The Federal Government has secured over six million doses of the Human Papillomavirus vaccine and essential supplies for the rollout of the vaccination for girls aged nine to 14 years on October 24, 2023.
The Executive Director and Chief Executive Officer of the National Primary Health Care Agency, Dr Faisal Shuaib, who disclosed this on Tuesday at a press briefing in Abuja said the vaccine would help to prevent HPV infection and reduce the risk of cervical cancer.
Faisal said, “Over the past several months, the NPHCDA, in close collaboration with the Federal Ministry of Health and our dedicated partners, has diligently executed a comprehensive plan to introduce the HPV vaccine. We have bolstered the capabilities of our frontline healthcare workers, ensuring they are adept at administering the vaccine. Alongside our partners and donors, we have secured over 6,000 doses of the HPV vaccine and essential supplies.
“We have conducted numerous forums to raise awareness among stakeholders, including parents and caregivers regarding the pivotal importance of HPV vaccination. To address any concerns or misconceptions, have engaged with communities and established a robust monitoring and evaluation framework to measure the impact and progress of the vaccination campaign.
“This vital vaccine introduction will occur in two phases. The first phase will encompass 16 states, including Abia, Adamawa, Akwa Ibom, Anambra, Bauchi, Bayelsa, Benue, Enugu, Jigawa, Kano, Lagos, Nasarawa, Ogun, Osun, Taraba, and the Federal Capital Territory. The second phase is scheduled for the first quarter of 2024 and will encompass the remaining states: Borno, Cross River, Delta, Ebonyi, Edo, Ekiti, Gombe, Imo, Kaduna, Katsina, Kebbi, Kogi, Kwara, Niger, Ondo, Oyo, Plateau, Rivers, Sokoto, Yobe, and Zamfara.
“1n each phase, we will initiate a five-day campaign encompassing schools, communities, marketplaces, government-owned health facilities and other public places, targeting girls aged nine to 14. Subsequently, we will continue routine vaccination within health facilities for the same age group. By 2025, we anticipate transitioning to full routine Immunization with the HPV vaccine, focusing on girls aged nine.”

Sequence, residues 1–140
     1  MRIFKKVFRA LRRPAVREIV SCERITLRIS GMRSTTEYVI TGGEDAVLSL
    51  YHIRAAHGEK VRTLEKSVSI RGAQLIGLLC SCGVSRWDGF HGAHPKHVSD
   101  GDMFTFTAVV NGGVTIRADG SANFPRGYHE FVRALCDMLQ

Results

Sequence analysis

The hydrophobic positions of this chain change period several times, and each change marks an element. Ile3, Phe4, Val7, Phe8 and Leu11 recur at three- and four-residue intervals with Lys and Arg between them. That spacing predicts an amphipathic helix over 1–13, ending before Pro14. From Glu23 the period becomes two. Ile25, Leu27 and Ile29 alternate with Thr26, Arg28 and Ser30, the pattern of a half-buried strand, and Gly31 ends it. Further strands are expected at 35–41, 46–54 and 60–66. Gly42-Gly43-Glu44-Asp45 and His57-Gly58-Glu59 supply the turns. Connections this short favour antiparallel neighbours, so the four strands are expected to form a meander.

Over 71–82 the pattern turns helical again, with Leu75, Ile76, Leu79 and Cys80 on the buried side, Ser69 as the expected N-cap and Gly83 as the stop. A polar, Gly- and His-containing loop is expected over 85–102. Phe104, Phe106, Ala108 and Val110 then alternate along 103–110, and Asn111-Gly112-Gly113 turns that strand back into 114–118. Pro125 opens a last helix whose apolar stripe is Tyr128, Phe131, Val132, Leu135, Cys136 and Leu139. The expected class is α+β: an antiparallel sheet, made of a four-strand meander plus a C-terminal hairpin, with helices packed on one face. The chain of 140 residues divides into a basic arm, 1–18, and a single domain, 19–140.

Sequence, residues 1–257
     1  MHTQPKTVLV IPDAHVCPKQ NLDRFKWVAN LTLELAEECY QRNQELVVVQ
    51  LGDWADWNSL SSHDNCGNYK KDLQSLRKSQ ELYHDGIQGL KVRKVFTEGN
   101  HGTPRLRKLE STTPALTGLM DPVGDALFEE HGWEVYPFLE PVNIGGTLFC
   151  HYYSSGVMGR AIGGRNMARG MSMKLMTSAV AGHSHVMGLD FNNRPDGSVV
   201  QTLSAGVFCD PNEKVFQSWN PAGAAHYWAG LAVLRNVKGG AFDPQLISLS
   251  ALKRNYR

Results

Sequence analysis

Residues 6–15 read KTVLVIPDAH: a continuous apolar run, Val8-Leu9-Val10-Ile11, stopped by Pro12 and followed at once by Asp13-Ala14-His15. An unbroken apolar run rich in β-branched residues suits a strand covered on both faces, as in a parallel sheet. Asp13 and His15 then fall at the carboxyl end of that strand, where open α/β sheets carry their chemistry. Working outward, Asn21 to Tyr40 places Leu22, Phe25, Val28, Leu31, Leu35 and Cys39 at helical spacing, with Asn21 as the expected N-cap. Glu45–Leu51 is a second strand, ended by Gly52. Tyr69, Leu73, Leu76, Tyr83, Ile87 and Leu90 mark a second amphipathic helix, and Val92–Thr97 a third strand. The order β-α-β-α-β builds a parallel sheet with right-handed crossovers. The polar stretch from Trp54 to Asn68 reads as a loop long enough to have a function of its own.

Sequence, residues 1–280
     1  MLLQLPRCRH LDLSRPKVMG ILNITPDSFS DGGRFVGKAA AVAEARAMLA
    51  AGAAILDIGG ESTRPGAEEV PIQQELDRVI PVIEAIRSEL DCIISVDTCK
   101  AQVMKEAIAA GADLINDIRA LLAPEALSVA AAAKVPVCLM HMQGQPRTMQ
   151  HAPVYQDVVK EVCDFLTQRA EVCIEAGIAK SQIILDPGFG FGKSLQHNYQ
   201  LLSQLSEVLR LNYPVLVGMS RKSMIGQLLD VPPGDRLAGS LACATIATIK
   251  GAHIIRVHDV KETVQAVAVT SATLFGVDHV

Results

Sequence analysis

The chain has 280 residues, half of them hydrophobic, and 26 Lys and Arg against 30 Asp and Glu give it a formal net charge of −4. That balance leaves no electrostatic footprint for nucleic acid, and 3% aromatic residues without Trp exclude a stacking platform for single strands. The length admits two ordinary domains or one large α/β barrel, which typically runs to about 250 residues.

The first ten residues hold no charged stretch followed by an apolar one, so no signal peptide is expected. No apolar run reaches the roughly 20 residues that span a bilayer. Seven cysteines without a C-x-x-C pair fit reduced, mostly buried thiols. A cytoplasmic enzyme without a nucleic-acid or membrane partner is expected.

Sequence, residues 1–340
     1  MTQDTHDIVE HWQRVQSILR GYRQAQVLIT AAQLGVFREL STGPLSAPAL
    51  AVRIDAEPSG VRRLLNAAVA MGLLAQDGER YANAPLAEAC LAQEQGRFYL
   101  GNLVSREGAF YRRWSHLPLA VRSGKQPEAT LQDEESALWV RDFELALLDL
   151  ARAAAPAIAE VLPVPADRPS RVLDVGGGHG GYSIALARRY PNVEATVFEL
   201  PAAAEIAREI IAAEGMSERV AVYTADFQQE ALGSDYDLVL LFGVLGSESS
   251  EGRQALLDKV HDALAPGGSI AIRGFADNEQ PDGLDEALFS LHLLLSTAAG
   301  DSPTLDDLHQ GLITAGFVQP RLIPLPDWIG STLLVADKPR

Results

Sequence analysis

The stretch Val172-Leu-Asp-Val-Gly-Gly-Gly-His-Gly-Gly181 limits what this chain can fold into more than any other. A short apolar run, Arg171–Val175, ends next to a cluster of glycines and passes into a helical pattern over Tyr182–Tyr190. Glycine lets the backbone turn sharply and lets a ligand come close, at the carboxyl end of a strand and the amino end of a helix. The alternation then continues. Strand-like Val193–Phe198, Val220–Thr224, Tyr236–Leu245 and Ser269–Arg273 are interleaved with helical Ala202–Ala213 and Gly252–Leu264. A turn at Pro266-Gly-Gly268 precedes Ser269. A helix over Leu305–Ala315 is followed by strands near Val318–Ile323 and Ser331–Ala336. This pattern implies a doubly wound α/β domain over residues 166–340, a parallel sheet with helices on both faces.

Also speaking, the Director General of NAFDAC, Prof Mojisola Adeyeye stated that the agency is committed to ensuring the safety, quality and efficacy of the Gardasil vaccine in the country.
Prof Adeyeye said Gardasil is a vaccine that protects against HPV and it is recommended for girls and boys aged 11 to 12 years, but it can be given as early as nine years or as late as 26 years.
She noted that the decision to deploy the Gardasil as a single dose schedule is based on the scientific evidence that shows that a single dose of the Gardasil vaccine can provide solid protection against cervical cancer caused by human papillomaviruses.
“The vaccine is given in two or three doses, depending on the age of the person receiving it. Gardasil has been granted registration approval by NAFDAC in exercising its mandate as stipulated by its enabling law, NAFDAC Act CapN1, LFN 2004 and after rigorous regulatory evaluation process for vaccines.
“Data from immunogenicity trials, post-hoc analyses of efficacy trials, and post-licensure observational studies among females have demonstrated that a single dose of HPV vaccine is sufficient to elicit an immune response that provides similar protection as a multidose regimen against initial and persistent HPV infection.
“At 18 months post-vaccination, the efficacy of a single dose of HPV vaccine against incident persistent high-risk (HPV16/18) infection was 97.5 per cent (95 per cent CI 82–100) for the nonvalent vaccine and 97.5 per cent (95% CI 82–100) for the bivalent vaccine. Current evidence suggests that a single dose has comparable efficacy and duration of protection as a two-dose schedule and may offer programme advantages, is more efficient and affordable, and contribute to improved coverage,” Adeyeye said.